Custom Fit Home Reasons Ordering Information
Have you experienced or have any of the following?
tired, aching, burning feet
fallen arches, high arches, flat foot
corns, callouses, bunions, hammer toes
sore ankles, knees, lower back
Then Custom Fit Orthotics my be what you need!
fasciitis: (pronounced PLAN-tar fashee-EYE-tiss) is an inflammation
of the plantar fascia ("plantar" means the bottom of the foot,
"fascia" is a type of connective tissue, and "itis"
means "inflammation"). The plantar fascia encapsulates muscles in
the bottom of the foot, but it also supports the arch of the foot by acting
as a bowstring that connects the ball of the foot to the heel. It endures
tension that is approximately 2 times body weight during walking at the
moment when the heel of the trailing leg begins to lift off the ground.
This moment of maximum tension is increased and "sharpened" (it
increases suddenly) if there is lack of flexibility in the calf muscles. A
percentage increase in body weight causes the same percentage increase in
tension in the fascia. Due to the repetitive nature of walking, plantar
fasciitis may be a repetitive stress disorder (RSD) not unlike carpal tunnel
syndrome and tennis elbow. All three conditions benefit greatly from rest,
ice, and periodic stretching, but may also be treated with non-steroidal
anti-inflammation pills (NSAIDs), mechanical splints or straps, and
injections (except for carpal tunnel) before considering surgery (which is a
The classic sign of plantar fasciitis (which is often confused with or considered the same as a heel spur) is heel pain with the first few steps in the morning (84% of our visitors). If this symptom is not present then the diagnosis of plantar fasciitis has to be checked more carefully. The pain is usually in the front and bottom of the heel, but the definition of "plantar fasciitis" indicates it can be over any portion of the bottom of the foot where the fascia is located. Patients often report that the pain "moves around" to different areas of the bottom of the foot. The pain can be mild or debilitating. It can last a few months, become permanent, or come and go with every other full moon. The heel may hurt or the condition may become worse from the heel striking the ground, but plantar fasciitis is not caused by the heel striking the ground. Every year, about 1% of the population seeks medical help for this condition (one company claims it's 2.5%).
Causes: The condition is usually caused by a change or increase in activities, no arch support in the shoe, lack of flexibility in the calf muscles, being overweight, a sudden injury, using shoes with little cushion on hard floors or ground, using shoes that do not easily bend under the ball of the foot, or spending too much time on the feet. The cause is often unknown and mysterious. It has often been said that those with flat feet or high arches are more likely to get plantar fasciitis (heel spurs), but I do not know if that is the case. 30% of our visitors indicated they have high arches and 20% indicated they have flat feet. It may run in the family. Arthritis, heel bone damage ("stress fracture"), loss of natural tissue for cushioning under the heel ("fat pad atrophy"), tarsal tunnel syndrome (the foot's version of carpal tunnel syndrome), and other conditions can cause similar foot and heel pain. Many of the ideas presented here can be helpful in dealing with these other conditions.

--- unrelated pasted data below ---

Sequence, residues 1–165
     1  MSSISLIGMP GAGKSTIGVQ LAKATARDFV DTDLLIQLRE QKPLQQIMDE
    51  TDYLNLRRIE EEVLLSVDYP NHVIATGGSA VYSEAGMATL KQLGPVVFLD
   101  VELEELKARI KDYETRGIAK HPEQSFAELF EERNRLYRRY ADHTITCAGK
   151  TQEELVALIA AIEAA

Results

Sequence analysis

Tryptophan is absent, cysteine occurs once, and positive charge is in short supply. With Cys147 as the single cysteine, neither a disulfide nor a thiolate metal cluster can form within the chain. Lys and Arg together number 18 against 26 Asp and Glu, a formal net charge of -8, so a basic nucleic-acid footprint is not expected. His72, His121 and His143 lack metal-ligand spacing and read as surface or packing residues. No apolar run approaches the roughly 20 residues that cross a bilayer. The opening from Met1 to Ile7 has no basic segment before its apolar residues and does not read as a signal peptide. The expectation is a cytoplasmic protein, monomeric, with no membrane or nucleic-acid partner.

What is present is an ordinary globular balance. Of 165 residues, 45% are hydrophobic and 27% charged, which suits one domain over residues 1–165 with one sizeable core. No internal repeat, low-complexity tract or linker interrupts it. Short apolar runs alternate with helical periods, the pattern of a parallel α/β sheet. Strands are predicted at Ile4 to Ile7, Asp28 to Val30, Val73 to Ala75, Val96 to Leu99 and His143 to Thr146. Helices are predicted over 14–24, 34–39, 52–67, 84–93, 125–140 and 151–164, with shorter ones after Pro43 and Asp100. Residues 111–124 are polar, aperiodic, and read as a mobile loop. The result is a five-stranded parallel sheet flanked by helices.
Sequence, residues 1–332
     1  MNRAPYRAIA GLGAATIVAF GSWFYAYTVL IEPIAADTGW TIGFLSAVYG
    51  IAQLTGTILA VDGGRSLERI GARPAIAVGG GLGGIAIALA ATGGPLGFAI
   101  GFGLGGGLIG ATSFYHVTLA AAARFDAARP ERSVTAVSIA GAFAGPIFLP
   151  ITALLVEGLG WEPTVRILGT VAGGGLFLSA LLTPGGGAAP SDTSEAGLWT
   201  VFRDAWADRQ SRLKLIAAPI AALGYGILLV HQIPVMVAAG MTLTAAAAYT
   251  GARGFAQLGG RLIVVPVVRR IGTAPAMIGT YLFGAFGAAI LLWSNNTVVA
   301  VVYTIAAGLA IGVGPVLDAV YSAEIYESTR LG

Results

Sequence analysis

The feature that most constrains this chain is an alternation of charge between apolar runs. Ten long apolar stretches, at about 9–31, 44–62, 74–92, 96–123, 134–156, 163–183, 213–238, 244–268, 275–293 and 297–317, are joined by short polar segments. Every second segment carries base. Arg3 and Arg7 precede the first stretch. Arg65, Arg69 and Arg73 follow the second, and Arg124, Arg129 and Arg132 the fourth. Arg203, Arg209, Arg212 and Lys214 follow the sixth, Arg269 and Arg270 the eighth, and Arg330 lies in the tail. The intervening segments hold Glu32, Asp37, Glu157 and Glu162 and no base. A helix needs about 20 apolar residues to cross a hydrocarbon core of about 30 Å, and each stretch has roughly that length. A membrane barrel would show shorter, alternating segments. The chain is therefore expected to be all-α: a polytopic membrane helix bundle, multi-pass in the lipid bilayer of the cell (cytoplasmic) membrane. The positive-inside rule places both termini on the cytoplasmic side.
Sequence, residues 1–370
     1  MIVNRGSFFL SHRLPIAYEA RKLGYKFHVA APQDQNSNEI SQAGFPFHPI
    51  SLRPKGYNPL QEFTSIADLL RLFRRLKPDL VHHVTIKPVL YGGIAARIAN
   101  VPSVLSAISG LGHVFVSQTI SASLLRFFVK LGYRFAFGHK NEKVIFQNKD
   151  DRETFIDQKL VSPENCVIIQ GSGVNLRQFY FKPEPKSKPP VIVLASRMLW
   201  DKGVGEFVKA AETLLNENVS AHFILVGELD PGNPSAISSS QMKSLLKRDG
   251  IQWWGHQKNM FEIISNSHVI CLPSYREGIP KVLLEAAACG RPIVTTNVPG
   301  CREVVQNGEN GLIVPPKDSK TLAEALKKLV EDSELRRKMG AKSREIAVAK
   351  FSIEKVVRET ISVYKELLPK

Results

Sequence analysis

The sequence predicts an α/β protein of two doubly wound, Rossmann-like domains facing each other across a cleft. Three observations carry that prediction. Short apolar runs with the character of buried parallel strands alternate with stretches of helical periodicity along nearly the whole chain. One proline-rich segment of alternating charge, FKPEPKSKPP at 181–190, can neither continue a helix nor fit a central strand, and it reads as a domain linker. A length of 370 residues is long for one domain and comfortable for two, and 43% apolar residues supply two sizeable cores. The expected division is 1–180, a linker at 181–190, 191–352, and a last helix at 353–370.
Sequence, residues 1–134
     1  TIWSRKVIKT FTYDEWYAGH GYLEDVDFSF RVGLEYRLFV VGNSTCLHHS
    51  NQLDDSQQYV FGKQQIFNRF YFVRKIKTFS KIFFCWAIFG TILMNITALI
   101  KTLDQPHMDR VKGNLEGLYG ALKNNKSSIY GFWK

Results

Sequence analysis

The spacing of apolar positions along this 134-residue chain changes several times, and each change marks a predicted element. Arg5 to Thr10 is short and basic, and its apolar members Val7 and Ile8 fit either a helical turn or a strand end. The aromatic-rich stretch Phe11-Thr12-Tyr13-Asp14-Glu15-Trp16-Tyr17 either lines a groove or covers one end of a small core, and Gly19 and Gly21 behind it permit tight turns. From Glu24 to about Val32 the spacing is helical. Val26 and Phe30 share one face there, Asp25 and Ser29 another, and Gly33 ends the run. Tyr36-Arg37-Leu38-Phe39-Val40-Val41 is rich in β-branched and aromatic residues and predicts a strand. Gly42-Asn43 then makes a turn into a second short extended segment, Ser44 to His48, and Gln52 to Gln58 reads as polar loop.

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Metatarsalgia: is a general term used to denote a painful foot condition in the metatarsal region of the foot (the area just before the toes, more commonly referred to as the ball-of-the-foot). This is a common foot disorder that can affect the bones and joints at the ball-of-the-foot. Metatarsalgia (ball-of-foot-pain) is often located under the 2nd, 3rd, and 4th metatarsal heads, or more isolated at the first metatarsal head (near the big toe).
Causes: With this common foot condition, one or more of the metatarsal heads become painful and/or inflamed, usually due to excessive pressure over a long period of time. It is common to experience acute, recurrent, or chronic pain with metatarsalgia. Ball-of-foot pain is often caused from improper fitting footwear, most frequently by women’s dress shoes and other restrictive footwear. Footwear with a narrow toe box (toe area) forces the ball-of-foot area to be forced into a minimal amount of space. This can inhibit the walking process and lead to extreme discomfort in the forefoot.
Other factors can cause excessive pressure in the ball-of-foot area that can result in metatarsalgia. These include shoes with heels that are too high or participating in high impact activities without proper footwear and/or orthotics. Also as we get older, the fat pad in our foot tends to thin out, making us much more susceptible to pain in the ball-of-the-foot.
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